“These are nice vans,” my adult volunteer said to me from the passenger seat.
“I know. They are so much better that the ones I’ve had to drive in the past. It’s like God is rewarding me for all those years of driving crappy church vans that didn’t work or shouldn’t have even been on the road, let alone with children and teenagers in them. This is how I know God is paying attention. God totally upgraded me. Driving these nice vans is my reward for all those years of driving crapy ones in the name of Jesus.”
I’ve driven a lot of 15 (now 12) passenger vans in my life as a youth worker. There was the one with the rusted out roof. Then there was another that the windshield wipers didn’t work so when the screen was covered with so many bug guts I had to get out and take my shirt off and wipe it down so I could see in the middle of Glacier National Park. Then there was the one where the windows didn’t roll up so they just stayed down and you got rained on and had to sit in the cold during winter with a SUPER heavy coat on to drive where the strings were pulled so tight on your hood you actually couldn’t see but tried anyways. Then there was the one where the back door would often fall off if you hit a bump or a small dent in the road. Then there was the one where the seats weren’t actually attached so there was a lot of sliding. And don’t forget that in most of them, the seat belts didn’t work properly if they even had them. And this was all before they even changed the insurance rules to say you could only drive 12-passenger vans, because clearly 12 is way safer than 15…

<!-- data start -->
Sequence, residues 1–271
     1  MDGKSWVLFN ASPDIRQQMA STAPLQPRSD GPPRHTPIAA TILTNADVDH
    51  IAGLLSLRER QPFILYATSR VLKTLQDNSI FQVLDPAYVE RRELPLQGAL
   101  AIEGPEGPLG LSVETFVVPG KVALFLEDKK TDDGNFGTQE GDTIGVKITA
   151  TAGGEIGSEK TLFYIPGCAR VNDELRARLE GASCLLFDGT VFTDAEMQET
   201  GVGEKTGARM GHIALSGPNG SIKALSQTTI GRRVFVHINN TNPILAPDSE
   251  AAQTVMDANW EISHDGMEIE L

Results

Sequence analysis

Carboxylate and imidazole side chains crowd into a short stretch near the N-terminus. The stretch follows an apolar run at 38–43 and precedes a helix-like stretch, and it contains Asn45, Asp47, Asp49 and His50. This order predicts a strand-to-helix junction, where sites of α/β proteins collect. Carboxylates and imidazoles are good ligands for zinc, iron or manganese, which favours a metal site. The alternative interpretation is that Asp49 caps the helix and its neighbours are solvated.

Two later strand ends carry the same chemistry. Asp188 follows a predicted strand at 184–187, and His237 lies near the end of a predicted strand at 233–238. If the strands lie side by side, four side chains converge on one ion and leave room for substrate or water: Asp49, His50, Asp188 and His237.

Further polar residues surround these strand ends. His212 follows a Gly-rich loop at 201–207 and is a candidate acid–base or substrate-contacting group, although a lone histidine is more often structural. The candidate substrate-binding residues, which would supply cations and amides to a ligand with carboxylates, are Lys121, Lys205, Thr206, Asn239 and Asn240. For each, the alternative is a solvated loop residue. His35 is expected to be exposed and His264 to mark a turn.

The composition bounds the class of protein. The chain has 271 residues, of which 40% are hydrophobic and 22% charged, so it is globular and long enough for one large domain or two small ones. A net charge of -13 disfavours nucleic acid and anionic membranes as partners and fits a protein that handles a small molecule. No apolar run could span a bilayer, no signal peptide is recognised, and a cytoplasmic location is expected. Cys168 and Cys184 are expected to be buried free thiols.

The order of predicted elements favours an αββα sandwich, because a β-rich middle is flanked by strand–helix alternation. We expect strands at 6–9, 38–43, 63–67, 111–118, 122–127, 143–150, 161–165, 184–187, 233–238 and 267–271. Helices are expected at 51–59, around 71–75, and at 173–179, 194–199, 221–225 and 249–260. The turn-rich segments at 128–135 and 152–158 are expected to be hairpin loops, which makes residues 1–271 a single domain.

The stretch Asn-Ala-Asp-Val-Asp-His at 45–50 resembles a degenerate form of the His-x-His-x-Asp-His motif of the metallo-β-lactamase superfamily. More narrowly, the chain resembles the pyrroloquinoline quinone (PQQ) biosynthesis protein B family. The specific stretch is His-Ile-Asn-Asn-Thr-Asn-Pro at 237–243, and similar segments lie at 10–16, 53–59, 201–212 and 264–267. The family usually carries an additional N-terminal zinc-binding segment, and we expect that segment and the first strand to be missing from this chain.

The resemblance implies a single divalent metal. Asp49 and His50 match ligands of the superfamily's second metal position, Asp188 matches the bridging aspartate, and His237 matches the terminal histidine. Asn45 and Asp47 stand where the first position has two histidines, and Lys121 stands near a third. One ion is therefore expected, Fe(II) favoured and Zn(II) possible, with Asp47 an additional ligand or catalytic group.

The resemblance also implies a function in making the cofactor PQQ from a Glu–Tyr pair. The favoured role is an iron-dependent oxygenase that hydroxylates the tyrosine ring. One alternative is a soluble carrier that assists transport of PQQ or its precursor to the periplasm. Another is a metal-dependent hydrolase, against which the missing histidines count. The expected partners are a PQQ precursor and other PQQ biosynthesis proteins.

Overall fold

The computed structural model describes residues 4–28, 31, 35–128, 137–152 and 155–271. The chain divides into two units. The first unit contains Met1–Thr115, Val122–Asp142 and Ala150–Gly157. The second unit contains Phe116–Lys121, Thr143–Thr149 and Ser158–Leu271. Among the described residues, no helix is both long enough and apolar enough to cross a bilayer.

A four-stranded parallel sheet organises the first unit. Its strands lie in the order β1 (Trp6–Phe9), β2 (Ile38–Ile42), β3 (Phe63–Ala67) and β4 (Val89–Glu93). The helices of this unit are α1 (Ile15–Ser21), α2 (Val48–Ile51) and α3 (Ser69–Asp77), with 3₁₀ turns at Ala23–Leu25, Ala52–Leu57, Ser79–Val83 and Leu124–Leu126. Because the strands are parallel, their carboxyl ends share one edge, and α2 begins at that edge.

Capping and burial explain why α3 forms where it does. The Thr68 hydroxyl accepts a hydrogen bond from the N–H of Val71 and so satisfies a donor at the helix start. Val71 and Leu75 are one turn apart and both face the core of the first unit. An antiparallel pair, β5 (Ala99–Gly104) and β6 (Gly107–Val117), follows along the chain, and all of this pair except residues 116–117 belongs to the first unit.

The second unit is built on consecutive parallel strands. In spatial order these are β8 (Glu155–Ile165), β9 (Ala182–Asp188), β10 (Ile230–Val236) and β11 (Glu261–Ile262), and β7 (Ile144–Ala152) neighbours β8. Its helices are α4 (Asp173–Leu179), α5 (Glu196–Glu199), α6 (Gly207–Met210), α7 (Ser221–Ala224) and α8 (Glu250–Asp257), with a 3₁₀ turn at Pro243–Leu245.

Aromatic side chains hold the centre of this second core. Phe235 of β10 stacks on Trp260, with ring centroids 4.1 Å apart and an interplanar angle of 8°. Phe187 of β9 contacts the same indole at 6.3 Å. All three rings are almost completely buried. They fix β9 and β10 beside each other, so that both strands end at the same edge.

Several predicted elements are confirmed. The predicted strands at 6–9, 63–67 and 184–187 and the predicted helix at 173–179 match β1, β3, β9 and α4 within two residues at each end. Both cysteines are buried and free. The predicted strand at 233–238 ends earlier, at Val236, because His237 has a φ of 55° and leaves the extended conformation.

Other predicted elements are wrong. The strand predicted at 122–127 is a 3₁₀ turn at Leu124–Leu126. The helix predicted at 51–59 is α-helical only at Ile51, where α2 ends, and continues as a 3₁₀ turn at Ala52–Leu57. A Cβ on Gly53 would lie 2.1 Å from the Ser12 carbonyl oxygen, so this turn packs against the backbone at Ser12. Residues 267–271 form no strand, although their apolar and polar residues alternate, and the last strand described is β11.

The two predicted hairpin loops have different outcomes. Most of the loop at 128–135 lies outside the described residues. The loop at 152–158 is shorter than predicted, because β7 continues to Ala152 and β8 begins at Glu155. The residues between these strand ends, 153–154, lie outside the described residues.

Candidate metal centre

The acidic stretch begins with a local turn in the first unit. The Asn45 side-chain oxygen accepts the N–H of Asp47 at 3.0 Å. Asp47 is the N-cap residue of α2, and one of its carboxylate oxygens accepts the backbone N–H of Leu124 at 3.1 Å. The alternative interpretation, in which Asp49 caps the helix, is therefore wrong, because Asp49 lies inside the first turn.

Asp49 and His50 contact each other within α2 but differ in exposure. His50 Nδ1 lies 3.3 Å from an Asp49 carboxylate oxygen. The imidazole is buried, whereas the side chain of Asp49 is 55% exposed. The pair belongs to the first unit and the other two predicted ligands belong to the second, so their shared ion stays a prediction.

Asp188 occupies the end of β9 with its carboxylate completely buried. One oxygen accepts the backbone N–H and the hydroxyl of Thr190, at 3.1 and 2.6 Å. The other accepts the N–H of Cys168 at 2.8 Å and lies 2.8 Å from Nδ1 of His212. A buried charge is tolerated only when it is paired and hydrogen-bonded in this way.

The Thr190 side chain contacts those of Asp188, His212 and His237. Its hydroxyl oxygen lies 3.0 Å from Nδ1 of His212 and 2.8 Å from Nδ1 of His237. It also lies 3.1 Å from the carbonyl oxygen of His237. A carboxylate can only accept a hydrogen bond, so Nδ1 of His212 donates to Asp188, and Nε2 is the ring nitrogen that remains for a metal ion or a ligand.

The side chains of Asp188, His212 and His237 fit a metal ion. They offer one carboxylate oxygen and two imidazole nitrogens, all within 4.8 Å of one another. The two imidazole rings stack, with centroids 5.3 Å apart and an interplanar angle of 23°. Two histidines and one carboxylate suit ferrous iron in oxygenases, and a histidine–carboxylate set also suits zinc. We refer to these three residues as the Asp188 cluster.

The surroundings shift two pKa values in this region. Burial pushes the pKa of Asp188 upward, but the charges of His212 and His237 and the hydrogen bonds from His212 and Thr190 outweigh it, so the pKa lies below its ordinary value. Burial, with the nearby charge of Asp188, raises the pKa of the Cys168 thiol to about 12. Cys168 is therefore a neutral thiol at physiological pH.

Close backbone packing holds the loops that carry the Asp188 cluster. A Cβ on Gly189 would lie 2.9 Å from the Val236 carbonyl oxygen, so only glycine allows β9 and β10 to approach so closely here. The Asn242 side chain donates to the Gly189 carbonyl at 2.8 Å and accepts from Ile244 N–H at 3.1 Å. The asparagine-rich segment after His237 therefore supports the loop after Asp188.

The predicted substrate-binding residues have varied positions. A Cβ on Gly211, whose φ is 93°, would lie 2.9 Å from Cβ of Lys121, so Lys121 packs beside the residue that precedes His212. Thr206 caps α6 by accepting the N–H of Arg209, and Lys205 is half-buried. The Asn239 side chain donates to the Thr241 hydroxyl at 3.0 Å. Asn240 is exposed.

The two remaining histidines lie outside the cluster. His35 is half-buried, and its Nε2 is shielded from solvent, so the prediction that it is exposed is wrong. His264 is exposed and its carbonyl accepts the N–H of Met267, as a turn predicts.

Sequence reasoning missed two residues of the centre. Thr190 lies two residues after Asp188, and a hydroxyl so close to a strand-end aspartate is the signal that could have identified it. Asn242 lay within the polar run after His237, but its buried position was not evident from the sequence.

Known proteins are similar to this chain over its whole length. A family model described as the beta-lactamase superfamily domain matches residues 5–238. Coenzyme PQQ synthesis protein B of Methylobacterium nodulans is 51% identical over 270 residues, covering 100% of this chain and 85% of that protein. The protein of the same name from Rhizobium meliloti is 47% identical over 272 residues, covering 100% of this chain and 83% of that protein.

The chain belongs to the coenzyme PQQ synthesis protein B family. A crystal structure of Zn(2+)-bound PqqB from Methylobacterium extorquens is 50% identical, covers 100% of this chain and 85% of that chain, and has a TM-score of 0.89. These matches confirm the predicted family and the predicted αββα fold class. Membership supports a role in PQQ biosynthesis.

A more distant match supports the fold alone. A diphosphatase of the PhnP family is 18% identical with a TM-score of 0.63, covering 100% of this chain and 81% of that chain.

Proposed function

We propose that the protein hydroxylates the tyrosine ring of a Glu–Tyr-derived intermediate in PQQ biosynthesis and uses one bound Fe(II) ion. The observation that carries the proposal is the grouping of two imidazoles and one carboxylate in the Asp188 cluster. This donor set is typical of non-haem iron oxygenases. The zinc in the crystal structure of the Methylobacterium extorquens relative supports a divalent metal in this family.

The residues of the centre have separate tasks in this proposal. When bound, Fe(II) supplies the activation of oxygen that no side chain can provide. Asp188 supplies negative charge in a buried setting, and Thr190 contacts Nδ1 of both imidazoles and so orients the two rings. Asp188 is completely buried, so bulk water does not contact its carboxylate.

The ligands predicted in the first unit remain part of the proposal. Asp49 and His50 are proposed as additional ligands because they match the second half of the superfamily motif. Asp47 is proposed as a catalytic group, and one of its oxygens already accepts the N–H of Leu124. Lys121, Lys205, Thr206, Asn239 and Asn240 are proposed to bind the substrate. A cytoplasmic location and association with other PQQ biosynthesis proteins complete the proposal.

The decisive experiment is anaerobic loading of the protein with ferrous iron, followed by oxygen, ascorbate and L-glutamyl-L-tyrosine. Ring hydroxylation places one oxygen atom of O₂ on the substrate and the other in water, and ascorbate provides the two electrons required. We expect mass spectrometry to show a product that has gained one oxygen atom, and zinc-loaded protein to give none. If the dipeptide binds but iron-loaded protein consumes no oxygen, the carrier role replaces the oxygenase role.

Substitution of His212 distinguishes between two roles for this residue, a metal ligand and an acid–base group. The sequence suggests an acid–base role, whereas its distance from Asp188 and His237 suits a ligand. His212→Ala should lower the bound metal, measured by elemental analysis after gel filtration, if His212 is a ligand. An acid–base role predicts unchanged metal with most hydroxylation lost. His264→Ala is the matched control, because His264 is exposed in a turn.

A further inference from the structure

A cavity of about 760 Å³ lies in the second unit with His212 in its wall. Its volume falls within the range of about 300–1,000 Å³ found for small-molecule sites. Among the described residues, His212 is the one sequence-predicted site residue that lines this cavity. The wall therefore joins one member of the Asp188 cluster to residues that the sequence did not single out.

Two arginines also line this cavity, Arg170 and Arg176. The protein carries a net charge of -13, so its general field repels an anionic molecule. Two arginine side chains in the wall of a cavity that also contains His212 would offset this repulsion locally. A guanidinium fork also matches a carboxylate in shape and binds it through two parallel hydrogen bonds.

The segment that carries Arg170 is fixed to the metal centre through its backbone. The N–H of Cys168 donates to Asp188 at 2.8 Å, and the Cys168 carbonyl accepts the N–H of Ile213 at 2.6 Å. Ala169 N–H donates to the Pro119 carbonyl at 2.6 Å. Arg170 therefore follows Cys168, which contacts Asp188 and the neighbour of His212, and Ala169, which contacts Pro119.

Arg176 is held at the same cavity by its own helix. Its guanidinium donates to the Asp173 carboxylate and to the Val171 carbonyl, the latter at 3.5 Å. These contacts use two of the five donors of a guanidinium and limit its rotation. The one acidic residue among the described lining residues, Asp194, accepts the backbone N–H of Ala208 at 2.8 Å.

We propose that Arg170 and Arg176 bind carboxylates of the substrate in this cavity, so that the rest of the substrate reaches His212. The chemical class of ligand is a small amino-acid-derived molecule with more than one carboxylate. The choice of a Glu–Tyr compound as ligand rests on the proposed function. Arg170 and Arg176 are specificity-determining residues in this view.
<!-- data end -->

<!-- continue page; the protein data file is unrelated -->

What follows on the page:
Each of these was owned by a church or church camp and somehow got insured. Probably through lies. Or denial.
But this time, God finally said, good and faithful servant, you’ve served well and this is your reward.
I don’t think it actually works like that. But that’s how I feel.
So, here’s to all the youth workers and all the buses and vans we drive in the name of Jesus as we also pray that Jesus take the wheel because it’s not actually working at the moment.